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Selected Principles of Teaching and Learning Applied to Nurse-Midwifery Clinical Education


  • Joyce Beebe Thompson C.N.M., Dr.P.H.

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    • Joyce Beebe Thompson is Associate Professor and Director of Nurse-midwifery at the University of Pennsylvania School of Nursing, Philadelphia. She is a 1966 graduate of Maternity Center Association, and has practiced midwifery in New York, Chile, and Pennsylvania. She has taught nurse-midwifery since 1971 at both certificate and master's basic levels. In 1981, she coauthored the text, Ethics in Nursing (Macmillan), with Henry O. Thompson.

University of Pennsylvania School of Nursing, Nursing Education Building/S2, Philadelphia, PA 19104.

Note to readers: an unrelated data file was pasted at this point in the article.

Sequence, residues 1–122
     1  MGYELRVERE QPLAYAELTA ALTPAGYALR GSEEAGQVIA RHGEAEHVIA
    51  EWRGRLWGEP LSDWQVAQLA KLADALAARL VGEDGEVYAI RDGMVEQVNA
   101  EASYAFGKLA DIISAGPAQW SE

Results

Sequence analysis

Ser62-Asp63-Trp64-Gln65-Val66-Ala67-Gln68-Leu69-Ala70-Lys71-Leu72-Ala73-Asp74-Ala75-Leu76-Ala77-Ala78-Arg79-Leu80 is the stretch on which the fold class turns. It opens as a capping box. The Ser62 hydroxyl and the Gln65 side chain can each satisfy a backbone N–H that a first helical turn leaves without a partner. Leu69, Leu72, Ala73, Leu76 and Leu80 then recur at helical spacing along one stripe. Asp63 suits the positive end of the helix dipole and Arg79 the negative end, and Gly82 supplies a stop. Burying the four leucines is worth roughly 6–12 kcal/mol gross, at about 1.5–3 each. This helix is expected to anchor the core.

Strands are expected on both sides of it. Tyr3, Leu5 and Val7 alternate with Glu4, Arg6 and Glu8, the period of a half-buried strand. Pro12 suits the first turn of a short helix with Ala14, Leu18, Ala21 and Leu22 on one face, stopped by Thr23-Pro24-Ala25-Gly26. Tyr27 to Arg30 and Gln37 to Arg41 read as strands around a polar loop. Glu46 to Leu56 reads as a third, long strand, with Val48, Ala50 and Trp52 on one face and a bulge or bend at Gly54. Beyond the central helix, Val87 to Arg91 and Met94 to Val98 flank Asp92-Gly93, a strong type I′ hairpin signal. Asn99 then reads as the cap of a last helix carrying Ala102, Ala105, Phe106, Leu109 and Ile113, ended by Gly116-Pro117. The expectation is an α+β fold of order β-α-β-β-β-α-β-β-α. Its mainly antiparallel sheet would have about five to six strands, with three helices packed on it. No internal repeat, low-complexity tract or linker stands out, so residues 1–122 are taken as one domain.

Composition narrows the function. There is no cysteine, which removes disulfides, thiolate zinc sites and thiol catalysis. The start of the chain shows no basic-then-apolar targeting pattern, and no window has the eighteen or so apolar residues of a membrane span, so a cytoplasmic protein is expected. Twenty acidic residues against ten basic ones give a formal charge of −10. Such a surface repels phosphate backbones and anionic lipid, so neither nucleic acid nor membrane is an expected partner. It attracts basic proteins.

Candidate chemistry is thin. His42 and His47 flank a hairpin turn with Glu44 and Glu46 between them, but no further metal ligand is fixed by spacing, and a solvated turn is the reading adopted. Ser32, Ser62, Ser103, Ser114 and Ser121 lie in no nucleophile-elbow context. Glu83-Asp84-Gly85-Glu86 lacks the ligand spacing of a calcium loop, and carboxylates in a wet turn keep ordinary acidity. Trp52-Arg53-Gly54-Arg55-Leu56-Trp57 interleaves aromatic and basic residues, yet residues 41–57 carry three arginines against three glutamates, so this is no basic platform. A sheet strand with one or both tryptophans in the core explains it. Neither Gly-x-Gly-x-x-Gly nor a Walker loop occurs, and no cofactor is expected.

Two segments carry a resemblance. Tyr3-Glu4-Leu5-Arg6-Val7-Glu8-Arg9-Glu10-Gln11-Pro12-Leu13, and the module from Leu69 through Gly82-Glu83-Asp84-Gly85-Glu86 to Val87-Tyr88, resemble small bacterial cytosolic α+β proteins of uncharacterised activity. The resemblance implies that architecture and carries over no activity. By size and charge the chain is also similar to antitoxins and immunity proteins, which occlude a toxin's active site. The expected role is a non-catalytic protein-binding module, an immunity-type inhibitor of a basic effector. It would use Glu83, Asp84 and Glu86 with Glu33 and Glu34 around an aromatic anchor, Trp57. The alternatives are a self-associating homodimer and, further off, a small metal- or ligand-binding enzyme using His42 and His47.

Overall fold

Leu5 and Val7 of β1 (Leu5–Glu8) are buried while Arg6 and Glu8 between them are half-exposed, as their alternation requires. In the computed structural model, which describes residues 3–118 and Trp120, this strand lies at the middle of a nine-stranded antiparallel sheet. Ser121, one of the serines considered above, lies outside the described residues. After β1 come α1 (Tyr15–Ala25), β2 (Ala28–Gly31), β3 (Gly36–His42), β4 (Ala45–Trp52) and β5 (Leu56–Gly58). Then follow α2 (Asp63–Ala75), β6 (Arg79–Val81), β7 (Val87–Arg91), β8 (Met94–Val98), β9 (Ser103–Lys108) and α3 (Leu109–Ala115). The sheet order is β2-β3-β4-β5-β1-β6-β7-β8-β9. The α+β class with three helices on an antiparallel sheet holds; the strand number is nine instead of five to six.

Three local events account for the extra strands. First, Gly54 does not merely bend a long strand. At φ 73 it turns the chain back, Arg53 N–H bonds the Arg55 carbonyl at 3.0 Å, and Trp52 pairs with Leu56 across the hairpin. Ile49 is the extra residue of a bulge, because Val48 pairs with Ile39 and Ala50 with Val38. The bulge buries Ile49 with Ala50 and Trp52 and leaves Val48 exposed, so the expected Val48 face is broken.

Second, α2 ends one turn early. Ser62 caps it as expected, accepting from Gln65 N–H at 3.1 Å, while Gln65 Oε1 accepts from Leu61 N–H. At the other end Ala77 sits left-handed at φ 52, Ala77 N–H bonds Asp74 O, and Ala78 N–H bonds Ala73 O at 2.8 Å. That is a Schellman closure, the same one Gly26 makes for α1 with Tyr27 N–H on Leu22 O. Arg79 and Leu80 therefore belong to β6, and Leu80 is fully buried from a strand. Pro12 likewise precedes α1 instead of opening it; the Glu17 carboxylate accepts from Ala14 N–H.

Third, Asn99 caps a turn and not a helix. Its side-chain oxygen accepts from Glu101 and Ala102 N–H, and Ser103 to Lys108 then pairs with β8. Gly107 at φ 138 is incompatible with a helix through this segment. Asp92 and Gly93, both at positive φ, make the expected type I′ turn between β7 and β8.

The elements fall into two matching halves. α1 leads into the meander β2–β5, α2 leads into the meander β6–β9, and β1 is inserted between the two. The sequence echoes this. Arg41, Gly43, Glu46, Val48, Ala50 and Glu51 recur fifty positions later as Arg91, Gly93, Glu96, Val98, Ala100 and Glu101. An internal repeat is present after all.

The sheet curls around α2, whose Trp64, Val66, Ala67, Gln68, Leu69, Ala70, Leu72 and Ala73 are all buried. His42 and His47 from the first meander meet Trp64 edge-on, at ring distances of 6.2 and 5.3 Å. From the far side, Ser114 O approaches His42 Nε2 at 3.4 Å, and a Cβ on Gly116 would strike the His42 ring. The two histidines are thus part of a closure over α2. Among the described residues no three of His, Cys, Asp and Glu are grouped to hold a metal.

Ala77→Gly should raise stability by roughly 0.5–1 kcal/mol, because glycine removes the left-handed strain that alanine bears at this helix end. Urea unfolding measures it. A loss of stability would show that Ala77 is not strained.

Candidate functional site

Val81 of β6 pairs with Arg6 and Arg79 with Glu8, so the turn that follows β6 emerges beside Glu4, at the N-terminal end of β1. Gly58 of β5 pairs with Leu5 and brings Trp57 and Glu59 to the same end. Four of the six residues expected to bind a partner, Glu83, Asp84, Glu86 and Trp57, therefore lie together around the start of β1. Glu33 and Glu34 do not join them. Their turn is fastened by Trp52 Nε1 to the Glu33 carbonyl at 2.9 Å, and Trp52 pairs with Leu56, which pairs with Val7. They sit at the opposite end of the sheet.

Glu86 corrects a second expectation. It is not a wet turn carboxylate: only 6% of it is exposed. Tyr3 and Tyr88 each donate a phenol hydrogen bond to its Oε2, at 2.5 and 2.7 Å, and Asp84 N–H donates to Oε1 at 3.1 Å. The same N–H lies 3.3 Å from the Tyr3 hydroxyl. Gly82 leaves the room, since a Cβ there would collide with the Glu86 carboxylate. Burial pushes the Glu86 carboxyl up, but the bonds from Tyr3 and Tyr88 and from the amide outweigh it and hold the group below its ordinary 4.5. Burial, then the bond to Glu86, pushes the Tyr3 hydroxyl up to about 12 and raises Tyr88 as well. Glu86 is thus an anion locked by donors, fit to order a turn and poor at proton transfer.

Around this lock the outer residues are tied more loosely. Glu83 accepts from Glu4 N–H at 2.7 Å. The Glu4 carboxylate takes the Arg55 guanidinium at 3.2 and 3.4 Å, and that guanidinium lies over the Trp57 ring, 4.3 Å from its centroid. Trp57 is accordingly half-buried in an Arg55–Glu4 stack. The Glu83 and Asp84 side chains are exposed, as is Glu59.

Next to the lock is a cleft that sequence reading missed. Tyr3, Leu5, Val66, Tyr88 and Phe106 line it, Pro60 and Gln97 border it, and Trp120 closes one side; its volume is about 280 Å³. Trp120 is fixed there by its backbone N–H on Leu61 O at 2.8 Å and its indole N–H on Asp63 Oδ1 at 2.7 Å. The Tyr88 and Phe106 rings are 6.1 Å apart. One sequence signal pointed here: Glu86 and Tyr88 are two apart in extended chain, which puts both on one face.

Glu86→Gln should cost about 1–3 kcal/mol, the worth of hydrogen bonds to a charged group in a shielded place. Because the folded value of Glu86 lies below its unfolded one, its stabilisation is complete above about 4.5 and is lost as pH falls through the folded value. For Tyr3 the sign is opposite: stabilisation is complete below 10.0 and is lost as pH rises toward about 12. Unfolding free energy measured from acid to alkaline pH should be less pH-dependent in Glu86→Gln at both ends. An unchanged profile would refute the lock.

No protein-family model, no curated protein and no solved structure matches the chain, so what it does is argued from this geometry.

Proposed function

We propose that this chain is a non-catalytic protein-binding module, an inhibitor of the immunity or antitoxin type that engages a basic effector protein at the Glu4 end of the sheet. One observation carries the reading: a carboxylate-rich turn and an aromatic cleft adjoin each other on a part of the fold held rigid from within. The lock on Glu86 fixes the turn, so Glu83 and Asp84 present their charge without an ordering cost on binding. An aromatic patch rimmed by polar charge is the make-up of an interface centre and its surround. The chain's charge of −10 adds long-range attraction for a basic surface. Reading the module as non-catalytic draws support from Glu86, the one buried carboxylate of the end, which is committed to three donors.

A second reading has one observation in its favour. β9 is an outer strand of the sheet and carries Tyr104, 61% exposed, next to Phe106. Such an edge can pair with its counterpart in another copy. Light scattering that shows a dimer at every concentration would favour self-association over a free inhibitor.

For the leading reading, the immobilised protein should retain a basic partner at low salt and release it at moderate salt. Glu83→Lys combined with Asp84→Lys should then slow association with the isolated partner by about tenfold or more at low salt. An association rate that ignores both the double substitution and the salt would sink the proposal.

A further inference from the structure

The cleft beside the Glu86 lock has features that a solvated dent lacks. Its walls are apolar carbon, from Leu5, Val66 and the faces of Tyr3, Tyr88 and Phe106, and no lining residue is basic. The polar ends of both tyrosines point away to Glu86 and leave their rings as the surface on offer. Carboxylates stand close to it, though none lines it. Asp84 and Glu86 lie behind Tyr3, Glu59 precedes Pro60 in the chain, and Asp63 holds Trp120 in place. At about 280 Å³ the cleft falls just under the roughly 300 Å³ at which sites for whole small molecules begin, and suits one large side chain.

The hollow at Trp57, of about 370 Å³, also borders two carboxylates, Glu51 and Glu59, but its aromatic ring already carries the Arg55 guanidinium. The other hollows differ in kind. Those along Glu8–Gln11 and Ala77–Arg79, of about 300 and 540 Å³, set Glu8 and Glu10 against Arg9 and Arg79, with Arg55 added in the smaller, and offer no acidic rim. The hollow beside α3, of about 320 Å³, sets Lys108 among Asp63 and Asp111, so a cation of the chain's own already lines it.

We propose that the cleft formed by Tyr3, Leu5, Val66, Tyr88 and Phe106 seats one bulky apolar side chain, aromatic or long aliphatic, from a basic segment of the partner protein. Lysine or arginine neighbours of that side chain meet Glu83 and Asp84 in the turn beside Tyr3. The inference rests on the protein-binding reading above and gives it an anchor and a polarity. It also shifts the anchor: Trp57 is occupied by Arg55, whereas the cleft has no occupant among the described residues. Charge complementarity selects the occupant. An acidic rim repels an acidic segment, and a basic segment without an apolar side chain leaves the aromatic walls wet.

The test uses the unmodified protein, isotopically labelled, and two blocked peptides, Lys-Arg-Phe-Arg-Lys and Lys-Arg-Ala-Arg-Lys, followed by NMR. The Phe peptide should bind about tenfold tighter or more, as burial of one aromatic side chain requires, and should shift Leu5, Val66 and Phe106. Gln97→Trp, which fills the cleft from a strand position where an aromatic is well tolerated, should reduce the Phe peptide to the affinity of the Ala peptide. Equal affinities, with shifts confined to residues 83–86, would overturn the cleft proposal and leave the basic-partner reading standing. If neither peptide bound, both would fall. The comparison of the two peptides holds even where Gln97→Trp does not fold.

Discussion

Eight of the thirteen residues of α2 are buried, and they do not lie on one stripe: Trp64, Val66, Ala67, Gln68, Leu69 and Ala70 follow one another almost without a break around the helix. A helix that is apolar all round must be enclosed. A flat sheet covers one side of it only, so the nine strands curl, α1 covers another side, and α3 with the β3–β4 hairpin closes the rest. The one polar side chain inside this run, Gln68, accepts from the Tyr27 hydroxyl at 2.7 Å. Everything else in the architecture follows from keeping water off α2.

Clinical teaching is a vital component of any practice discipline and comprises almost two-thirds of the teaching time for any nurse-midwifery educator. Yet, clinical educators (academic or preceptor) often have had little or no preparation for their important role in preparing the nurse-midwives of the future. It has often been assumed that good clinicians make good teachers, but this assumption has left both teachers and students frustrated, or worse, afraid to pursue any further teaching or learning.

This article is a synthesis of ideas and practical experience related to teaching and learning in the clinical setting, specifically based on knowledge of how adults learn, what constitutes knowledge, and how learning principles can guide the clinical teacher in her or his teaching efforts.